- BP Chief Operating Officer Doug Suttles denied Wednesday that BP has ordered cleanup workers not to talk to reporters.
- States are tracking the disaster's health impact, including respiratory and skin irritation problems in Louisiana and Alabama, health officials said.
- Florida Attorney General Bill McCollum asked BP on Thursday to deposit $2.5 billion into an interest-earning escrow account so the state can be assured of its availability over the long-term recovery period.
- BP has pledged to speed up its payment of claims to businesses affected by the oil disaster, said Tracy Wareing, a Federal Emergency Management Agency adviser to Homeland Security Secretary Janet Napolitano.
- BP provided more insight into its claims process Tuesday, saying that as of Monday, it has paid nearly $49 million to individuals and businesses affected by the spill. The company also said it expects to issue a second round of payments this month to cover anticipated lost income or profits, bringing the total it has paid to about $84 million.
- Alabama Gov. Bob Riley said Tuesday that he was frustrated with BP's reimbursement process, announcing that he will send National Guard troops and emergency management workers into affected communities to help residents with the preparation of claims forms.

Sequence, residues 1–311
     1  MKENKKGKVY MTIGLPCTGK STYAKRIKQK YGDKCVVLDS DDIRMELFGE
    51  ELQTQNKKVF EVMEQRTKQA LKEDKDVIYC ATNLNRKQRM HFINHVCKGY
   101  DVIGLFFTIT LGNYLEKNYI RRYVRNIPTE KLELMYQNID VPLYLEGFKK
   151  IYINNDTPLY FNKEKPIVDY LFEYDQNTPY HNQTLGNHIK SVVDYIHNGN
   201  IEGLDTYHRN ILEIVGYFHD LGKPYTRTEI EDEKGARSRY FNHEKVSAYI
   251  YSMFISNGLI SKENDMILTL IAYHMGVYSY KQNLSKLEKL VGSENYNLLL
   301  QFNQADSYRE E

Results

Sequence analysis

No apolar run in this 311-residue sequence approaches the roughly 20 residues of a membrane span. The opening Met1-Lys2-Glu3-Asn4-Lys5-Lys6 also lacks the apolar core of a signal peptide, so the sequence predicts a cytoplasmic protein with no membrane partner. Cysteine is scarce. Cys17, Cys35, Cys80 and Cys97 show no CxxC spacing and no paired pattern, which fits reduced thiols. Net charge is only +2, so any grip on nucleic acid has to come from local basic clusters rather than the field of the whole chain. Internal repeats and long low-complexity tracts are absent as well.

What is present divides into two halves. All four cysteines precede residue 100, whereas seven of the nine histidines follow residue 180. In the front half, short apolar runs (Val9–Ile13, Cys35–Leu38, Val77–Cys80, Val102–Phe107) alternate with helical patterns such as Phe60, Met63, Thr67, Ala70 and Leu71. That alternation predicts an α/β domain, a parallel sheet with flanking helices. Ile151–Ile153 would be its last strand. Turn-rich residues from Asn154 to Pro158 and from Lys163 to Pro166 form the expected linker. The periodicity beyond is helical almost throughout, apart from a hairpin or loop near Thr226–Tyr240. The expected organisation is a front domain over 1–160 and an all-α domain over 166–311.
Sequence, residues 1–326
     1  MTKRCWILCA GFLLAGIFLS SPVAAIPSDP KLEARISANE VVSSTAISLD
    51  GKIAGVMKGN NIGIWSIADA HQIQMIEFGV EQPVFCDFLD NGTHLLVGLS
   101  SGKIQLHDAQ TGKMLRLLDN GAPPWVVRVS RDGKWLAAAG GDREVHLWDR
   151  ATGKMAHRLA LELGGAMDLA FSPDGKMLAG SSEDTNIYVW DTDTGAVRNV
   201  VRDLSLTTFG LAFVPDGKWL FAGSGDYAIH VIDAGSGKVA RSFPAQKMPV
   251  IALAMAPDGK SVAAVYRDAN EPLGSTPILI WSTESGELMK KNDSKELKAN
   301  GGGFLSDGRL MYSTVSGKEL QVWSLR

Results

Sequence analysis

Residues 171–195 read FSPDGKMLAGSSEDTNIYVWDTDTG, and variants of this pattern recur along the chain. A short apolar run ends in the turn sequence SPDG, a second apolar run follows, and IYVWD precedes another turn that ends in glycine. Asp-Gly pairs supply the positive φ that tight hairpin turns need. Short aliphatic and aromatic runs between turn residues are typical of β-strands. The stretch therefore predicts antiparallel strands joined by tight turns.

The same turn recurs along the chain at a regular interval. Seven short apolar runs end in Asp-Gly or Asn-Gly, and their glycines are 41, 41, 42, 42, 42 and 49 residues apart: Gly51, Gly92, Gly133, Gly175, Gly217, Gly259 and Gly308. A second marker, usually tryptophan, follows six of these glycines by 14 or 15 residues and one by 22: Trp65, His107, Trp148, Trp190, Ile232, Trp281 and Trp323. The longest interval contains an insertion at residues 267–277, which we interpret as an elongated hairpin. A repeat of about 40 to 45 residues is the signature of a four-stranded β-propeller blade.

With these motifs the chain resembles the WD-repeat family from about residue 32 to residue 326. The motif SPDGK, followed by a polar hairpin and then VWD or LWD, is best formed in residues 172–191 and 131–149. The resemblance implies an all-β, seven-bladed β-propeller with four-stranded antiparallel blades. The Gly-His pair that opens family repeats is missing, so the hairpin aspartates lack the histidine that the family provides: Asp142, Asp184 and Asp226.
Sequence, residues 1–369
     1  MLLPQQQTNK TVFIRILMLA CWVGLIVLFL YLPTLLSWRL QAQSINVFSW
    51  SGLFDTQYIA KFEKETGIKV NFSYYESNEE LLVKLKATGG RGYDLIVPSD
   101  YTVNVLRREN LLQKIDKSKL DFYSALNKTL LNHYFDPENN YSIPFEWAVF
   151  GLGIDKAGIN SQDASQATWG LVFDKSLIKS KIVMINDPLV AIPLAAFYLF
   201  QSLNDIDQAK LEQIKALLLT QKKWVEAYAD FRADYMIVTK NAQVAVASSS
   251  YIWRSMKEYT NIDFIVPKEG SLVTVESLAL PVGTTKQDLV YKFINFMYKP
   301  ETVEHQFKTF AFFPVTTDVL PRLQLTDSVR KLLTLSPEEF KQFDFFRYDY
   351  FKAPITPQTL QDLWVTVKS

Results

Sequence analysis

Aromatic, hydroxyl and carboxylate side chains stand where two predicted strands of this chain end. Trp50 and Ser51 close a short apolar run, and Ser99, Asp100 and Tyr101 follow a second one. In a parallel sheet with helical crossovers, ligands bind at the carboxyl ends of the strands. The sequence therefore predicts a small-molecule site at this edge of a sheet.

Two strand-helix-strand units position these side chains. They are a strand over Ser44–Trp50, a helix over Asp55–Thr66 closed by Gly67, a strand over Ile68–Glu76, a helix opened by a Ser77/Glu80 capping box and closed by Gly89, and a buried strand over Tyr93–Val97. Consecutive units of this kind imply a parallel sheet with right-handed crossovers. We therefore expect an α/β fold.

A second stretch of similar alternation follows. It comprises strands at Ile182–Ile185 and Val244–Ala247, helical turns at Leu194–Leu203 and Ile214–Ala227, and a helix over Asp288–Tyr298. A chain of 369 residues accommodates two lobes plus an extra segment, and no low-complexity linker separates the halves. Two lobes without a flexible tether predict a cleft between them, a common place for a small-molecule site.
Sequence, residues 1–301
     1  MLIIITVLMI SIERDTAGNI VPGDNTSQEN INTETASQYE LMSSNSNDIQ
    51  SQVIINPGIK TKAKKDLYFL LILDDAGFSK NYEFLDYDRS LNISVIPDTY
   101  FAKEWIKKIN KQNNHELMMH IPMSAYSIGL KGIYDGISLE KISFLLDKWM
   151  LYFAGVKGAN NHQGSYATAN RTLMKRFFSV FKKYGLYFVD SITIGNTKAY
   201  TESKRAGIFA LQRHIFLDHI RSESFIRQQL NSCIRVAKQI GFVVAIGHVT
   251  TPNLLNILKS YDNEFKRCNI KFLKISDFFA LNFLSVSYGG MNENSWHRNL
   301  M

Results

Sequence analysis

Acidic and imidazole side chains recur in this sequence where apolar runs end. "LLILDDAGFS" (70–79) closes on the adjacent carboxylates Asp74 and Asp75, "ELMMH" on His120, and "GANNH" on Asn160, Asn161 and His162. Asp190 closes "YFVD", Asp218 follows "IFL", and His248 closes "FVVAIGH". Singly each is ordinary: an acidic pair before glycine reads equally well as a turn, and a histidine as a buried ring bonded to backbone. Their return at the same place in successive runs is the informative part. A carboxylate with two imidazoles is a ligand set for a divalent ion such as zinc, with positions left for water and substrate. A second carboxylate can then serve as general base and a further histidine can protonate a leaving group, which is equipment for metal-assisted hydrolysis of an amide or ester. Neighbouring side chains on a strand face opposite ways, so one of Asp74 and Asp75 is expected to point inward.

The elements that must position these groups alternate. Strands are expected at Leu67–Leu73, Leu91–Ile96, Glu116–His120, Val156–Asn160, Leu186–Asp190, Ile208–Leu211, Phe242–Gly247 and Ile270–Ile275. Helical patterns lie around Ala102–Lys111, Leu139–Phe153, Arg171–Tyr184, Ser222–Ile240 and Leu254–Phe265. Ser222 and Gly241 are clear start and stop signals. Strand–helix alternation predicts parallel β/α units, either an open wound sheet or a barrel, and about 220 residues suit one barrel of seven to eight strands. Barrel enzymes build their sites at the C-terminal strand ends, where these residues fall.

- The Obama administration won't reconsider its moratorium on deepwater oil drilling "without knowing exactly what happened" to cause the oil disaster, White House spokesman Robert Gibbs said Thursday. The administration ordered the six-month halt to allow time for an investigation into the sinking of the Deepwater Horizon. But Louisiana officials have argued that the moratorium puts thousands of jobs at risk on the Gulf Coast.
- Some of the rig victims' families have objected to the moratorium. "We support drilling in the Gulf," said the widow of one of the 11 oil rig workers killed in the explosion. "It's an economic need and would devastate Southern states."
- President Obama hosted the families of the 11 workers killed in the BP oil rig explosion at the White House on Thursday afternoon. Victims' family members and congressmen pushed for legislation removing oil drilling liability limits. They said they hoped that holding the corporations responsible would prevent a similar accident from occurring.
- Sen. Patty Murray, D-Washington, blasted BP on Thursday for failing to attend her subcommittee's hearing on oil and gas worker safety. "Honestly, I find it very outrageous that even after an accident that killed 11 workers, BP is not putting a high enough priority on worker safety to send a representative to a hearing specifically focused on protecting workers in their industry," said Murray, the chairwoman of the Senate Health, Education and Labor Committee's Subcommittee on Employment and Workplace Safety.
- House Republican leader John Boehner mocked Congress on Thursday for holding multiple hearings on the disaster before experts have figured out how to stop the undersea gusher. He sarcastically called the packed hearing schedule "Congress at its best."
- Obama will make another visit to the Gulf Coast next week to review efforts to contain and clean up the worst oil spill in U.S. history.
- BP's top official, Tony Hayward, has been asked to appear at a hearing June 17 before the House Subcommittee on Oversight and Investigations.
- Advocacy groups are planning a nationwide vigil for later this month.